Mafic Fens and Seeps
These saturated wetlands are similar to Calcareous Fens and Seeps but occur on soils weathered from mafic or ultramafic igneous and metamorphic rocks. In Virginia, these small-patch communities are known primarily from The Glades and Buffalo Mountain areas of the southern Blue Ridge plateau (Grayson and Floyd Counties, respectively), with an outlying site at Big Meadows in the northern Blue Ridge (Madison County). Habitats are hillside or foot-slope spring seeps and groundwater-saturated small stream bottoms. Microtopography is typically irregular, with hummock-and-hollow development, braided streams, areas of coarse gravel and cobble deposition, muck-filled depressions, and superficial to substantial peat accumulations. Soils, derived from underlying amphibolite, actinolite schist, gabbro, metabasalt, or similar rocks, are strongly to slightly acidic, with high magnesium and iron levels and moderately low calcium-to-magnesium ratios. Communities in this group that lack significant organic soils are technically "seeps," although the term "fen" is widely applied to various mafic or calcareous seepage wetlands in the southeastern United States (see Weakley and Schafale 1994 for further discussion).
The vegetation of these wetlands ranges from open woodlands and tall shrublands to wholly herbaceous, but is often a patch-mosaic of woody growth and herbaceous openings. In the woodland variants, the overstory is dominated by combinations of red maple (Acer rubrum), eastern white pine (Pinus strobus), pitch pine (Pinus rigida), and tulip-tree (Liriodendron tulipifera); the lower layers contain a peculiar mix of typical seepage swamp species, mafic indicators, and species commonly associated with acidic wetlands. Smooth alder (Alnus serrulata), meadowsweets (Spiraea latifolia and Spiraea tomentosa), stiff dogwood (Cornus racemosa), common ninebark (Physocarpus opulifolius var. opulifolius), maleberry (Lyonia ligustrina var. ligustrina), spicebush (Lindera benzoin var. benzoin), and alder-leaved buckthorn (Rhamnus alnifolia) are characteristic shrubs in both woodland understories and open fens.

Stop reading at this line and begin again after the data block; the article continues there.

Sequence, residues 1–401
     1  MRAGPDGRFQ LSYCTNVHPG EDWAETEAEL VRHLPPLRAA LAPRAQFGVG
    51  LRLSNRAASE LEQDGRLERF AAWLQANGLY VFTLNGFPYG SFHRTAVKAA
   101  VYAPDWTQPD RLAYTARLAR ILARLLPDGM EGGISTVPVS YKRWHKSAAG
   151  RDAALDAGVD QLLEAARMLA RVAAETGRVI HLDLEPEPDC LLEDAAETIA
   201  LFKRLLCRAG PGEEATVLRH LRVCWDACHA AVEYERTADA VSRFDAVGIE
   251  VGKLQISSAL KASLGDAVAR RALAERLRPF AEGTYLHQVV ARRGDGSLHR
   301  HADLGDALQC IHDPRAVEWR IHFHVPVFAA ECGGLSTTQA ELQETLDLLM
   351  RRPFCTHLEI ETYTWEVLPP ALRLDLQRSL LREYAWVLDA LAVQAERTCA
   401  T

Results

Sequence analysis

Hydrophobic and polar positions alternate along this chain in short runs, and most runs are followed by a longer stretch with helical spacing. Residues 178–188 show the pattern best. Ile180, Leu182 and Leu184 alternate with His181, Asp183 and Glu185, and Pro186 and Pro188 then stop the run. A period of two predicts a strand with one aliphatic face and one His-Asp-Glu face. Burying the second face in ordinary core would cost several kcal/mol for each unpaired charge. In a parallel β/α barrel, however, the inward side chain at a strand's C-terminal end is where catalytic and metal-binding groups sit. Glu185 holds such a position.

The herbaceous flora of mafic fens contains many state-rare and unusual species, including several Coastal Plain-mountain disjuncts. Herbs that are particularly diagnostic of or abundant in these habitats include Canada burnet (Sanguisorba canadensis), large-leaved grass-of-parnassus (Parnassia grandifolia), bluejoint (Calamagrostis canadensis), short-leaf sneezeweed (Helenium brevifolium), bog goldenrod (Solidago uliginosa var. uliginosa), sterile sedge (Carex sterilis), field sedge (Carex conoidea), hairy fimbry (Fimbristylis puberula var. puberula), northern white beaksedge (Rhynchospora alba), marsh muhly (Muhlenbergia glomerata), royal fern (Osmunda spectabilis), cinnamon fern (Osmundastrum cinnamomeum var. cinnamomeum), woodland bulrush (Scirpus expansus), rough-leaved goldenrod (Solidago patula var. patula), sticky false asphodel (Triantha glutinosa), and twig-rush (Cladium mariscoides).
The processes that maintain these systems in open condition are poorly understood. All of the documented occurrences are small and have been disturbed to some degree by logging and/or grazing. Ditching and other hydrologic alterations, grazing, non-native weeds, woody succession and, in more open fens, perhaps fire exclusion are continuing threats to these naturally rare wetlands, most of which remain unprotected.Reference: Ogle (1982).
Click on the images below to open a larger image in a separate window.A dense sward of bluejoint (Calamagrostis canadensis) fills an herbaceous opening in a Northern Blue Ridge Mafic Fen at Big Meadows, Madison County (Shenandoah National Park). Stiff dogwood (Cornus racemosa) forms shrub thickets in the background. Photo: Gary P. Fleming / © DCR Natural Heritage.
Low herbaceous fen dominated by graminoids at The Glades, Grayson County. Photo: Irvine Wilson / © DCR Natural Heritage.
Mafic shrub fen at The Glades, Grayson County. Dominant species include smooth alder (Alnus serrulata), Canada burnet (Sanguisorba canadensis), and bluejoint (Calamagrostis canadensis). Photo: Irvine Wilson / © DCR Natural Heritage.
Herbaceous opening in a Northern Blue Ridge Mafic Fen; prevalent species include buckbean (Menyanthes trifoliata , foreground) and several sedges (Carex buxbaumii , C. exhinata ssp. echinata , and C. scoparia). Big Meadows, Madison County (Shenandoah National Park). Photo: Gary P. Fleming / © DCR Natural Heritage.